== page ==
NASA launched Voyager I and Voyager II in 1977, on a 12-year mission to study and send back data from Jupiter and Saturn. That was the stated mission, as that was all that the U.S. government was willing to fund. However, scientists and engineers at NASA and the Jet Propulsion Lab had higher hopes for the probes. Forty years later, the two spacecraft are still sending back data, Voyager I from interstellar space, and Voyager II as it is crossing the the boundary of the solar system. Possibly even more surprising is that NASA engineers are still monitoring the mission.
All explorations demand sacrifices in exchange for uncertain outcomes. Some of those sacrifices are social: how many resources we collectively devote to a given pursuit of knowledge. But another portion is borne by the explorer alone, who used to be rewarded with adventure and fame if not fortune. For the foreseeable future, Voyager seems destined to remain in the running for the title of Mankind’s Greatest Journey, which might just make its nine flight-team engineers — most of whom have been with the mission since the Reagan administration — our greatest living explorers. They also may be the last people left on the planet who can operate the spacecraft’s onboard computers, which have 235,000 times less memory and 175,000 times less speed than a 16-gigabyte smartphone. And while it’s true that these pioneers haven’t gone anywhere themselves, they are arguably every bit as dauntless as more celebrated predecessors. Magellan never had to steer a vessel from the confines of a dun-colored rental office, let alone stay at the helm long enough to qualify for a senior discount at the McDonald’s next door.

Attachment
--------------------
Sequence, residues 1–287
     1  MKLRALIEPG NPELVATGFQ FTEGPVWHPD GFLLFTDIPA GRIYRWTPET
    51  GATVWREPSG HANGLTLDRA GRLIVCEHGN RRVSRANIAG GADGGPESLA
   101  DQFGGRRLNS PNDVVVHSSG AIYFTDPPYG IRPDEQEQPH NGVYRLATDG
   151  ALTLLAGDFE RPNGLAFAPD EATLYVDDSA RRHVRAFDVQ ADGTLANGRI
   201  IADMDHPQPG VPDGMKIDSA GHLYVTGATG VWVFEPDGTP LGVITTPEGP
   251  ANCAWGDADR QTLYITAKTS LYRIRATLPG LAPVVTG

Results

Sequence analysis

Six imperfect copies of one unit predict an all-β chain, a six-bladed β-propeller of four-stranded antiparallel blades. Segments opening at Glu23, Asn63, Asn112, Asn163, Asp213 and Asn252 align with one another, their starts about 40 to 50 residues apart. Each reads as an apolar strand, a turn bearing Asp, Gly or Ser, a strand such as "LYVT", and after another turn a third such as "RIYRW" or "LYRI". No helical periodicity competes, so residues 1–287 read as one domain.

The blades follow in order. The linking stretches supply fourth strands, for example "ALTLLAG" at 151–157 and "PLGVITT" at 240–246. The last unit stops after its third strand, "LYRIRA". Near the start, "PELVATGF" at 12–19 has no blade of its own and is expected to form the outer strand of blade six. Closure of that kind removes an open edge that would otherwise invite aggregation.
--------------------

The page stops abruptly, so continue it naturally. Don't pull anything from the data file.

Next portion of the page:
Read about the engineers who've dedicated their lives to the Voyager mission at the New York Times. You can also keep up with the V-gers themselves by reading NASA's status page on the mission. -via Metafilter
(Image credit: NASA/JPL)